Media content

LGBT media content policies will remain in effect after the repeal of Section 377A

The Ministry of Communications and Information (MCI) has reaffirmed that the government’s recent repeal of Section 377A of the Penal Code will not affect its policies on media content, and that LGBT media content will continue to justify higher age classifications. “Repealing Section 377A does not mean we are changing the tone of society,” MCI said.

According to MCI, its approach to content regulation must be sensitive to societal norms and values, and it will continue to refer to prevailing societal norms.

Media content is regulated by both the MCI and the Infocomm Media Development Authority (IMDA) to protect young audiences from age-inappropriate content, as well as to enable adult audiences to make informed choices among a diverse range of content. Additionally, media content with higher reach and impact is subject to stricter requirements.

MCI oversees IMDA, which establishes content guidelines and ratings policies for various platforms including film and video, video games, arts entertainment, television and radio, publications and audio materials, and the Internet. .

Surveys conducted by IMDA consistently show that the majority of the public supports its media rating efforts across a variety of mediums. According to MCI, IMDA also regularly consults with its advisory committees made up of members of the public on classification issues and develops content guidelines in consultation with these committees as well as the industry to ensure that its guidelines reflect societal standards and values. from Singapore.

The recent repeal of Section 377a has generated mixed feelings. Data from Meltwater showed more negative sentiments than positive sentiments, while Truescope found that a majority (40%-50%) of people on social media expressed approval and joy towards the decision to repeal section 377A.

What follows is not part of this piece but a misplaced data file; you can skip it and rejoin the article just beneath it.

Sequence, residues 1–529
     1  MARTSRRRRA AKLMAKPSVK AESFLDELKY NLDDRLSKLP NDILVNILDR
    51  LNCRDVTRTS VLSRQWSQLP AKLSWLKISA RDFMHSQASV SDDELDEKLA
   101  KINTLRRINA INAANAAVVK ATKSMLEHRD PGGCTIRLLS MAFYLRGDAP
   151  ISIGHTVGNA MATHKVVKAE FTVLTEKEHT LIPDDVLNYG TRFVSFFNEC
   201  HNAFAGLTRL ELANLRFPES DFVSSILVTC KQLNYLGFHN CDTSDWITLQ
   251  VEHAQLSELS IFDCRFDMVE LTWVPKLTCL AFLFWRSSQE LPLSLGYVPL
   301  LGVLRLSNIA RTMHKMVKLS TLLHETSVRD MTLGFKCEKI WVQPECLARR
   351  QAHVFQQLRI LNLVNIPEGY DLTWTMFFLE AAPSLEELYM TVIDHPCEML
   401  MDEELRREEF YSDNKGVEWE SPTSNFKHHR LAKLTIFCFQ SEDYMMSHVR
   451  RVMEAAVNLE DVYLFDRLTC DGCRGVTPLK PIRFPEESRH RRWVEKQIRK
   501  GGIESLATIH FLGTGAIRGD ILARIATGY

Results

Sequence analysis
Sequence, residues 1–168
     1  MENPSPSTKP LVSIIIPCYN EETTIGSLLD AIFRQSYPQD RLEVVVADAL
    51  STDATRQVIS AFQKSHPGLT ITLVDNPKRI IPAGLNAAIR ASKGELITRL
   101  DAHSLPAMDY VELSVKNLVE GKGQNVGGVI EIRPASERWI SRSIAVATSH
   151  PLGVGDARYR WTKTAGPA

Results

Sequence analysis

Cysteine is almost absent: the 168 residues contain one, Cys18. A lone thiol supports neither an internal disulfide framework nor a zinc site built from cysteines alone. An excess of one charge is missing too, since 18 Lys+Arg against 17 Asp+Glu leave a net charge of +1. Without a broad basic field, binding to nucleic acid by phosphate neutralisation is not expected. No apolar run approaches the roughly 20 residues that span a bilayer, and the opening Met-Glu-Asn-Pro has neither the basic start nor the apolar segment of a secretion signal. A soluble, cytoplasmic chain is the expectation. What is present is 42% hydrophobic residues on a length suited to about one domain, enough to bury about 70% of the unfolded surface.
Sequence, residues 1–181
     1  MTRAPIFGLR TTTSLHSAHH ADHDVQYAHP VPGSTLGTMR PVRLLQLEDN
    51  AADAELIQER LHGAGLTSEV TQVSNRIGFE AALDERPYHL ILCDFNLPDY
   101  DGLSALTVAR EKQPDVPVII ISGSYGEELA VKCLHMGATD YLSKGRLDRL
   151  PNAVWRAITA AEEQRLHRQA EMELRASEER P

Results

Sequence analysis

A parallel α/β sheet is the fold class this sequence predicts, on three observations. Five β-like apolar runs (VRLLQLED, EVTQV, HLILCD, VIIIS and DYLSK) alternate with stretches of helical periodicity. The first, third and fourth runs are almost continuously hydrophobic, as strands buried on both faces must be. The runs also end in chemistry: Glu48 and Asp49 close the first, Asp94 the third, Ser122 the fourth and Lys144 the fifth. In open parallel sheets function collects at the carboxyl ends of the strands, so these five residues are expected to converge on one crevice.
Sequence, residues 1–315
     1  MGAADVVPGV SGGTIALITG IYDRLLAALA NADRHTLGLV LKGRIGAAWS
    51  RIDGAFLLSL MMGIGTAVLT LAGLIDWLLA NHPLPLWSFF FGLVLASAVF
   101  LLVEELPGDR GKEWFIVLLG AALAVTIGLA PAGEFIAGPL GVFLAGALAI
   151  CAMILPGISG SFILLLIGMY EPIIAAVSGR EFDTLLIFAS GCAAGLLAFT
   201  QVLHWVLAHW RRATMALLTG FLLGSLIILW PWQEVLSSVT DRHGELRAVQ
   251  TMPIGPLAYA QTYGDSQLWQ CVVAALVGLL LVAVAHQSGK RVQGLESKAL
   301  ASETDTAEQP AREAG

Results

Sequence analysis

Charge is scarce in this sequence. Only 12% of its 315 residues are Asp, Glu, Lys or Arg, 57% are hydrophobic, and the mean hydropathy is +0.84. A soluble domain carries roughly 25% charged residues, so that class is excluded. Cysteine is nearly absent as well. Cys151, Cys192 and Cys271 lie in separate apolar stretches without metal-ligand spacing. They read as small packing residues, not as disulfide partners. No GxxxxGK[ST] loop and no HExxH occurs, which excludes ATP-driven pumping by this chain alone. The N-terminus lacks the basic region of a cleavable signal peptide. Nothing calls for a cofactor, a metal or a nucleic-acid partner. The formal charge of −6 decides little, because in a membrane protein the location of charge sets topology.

Nonetheless, organizations supporting LGBTQ+ causes, including Pink Dot and AWARE Singapore, welcomed the repeal of the law. Pink Dot organizers said they were relieved by the government’s intention to repeal Section 377A, saying it was a “significant step and a powerful statement that discrimination sanctioned by the state has no place in Singapore”. Meanwhile, AWARE Singapore also hailed the removal of the law saying that Section 377A serves as the main obstacle to the dignity and well-being of LGBTQ people in Singapore.

However, Pink Dot organizers explained that any move by the government to introduce new laws or constitutional amendments that flag LGBTQ+ people as unequal citizens “is disappointing.” He also urged the government to ignore recent calls by religious conservatives to enshrine the definition of marriage in a constitution.

Chatter surrounding LGBTQ+ issues has surfaced on both sides of the road. In Malaysia, the government and its religious institutions announced a few weeks ago that they would restrict content promoting LGBT elements in films and on social media. The news came after the government banned the screening of the Marvel movie Thor: Love and Thunder, which sparked a debate among Malaysians. The film contained LGBT elements, which led to its banning.

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SG Government Repeals Section 377A: What Does Social Chat Look Like?

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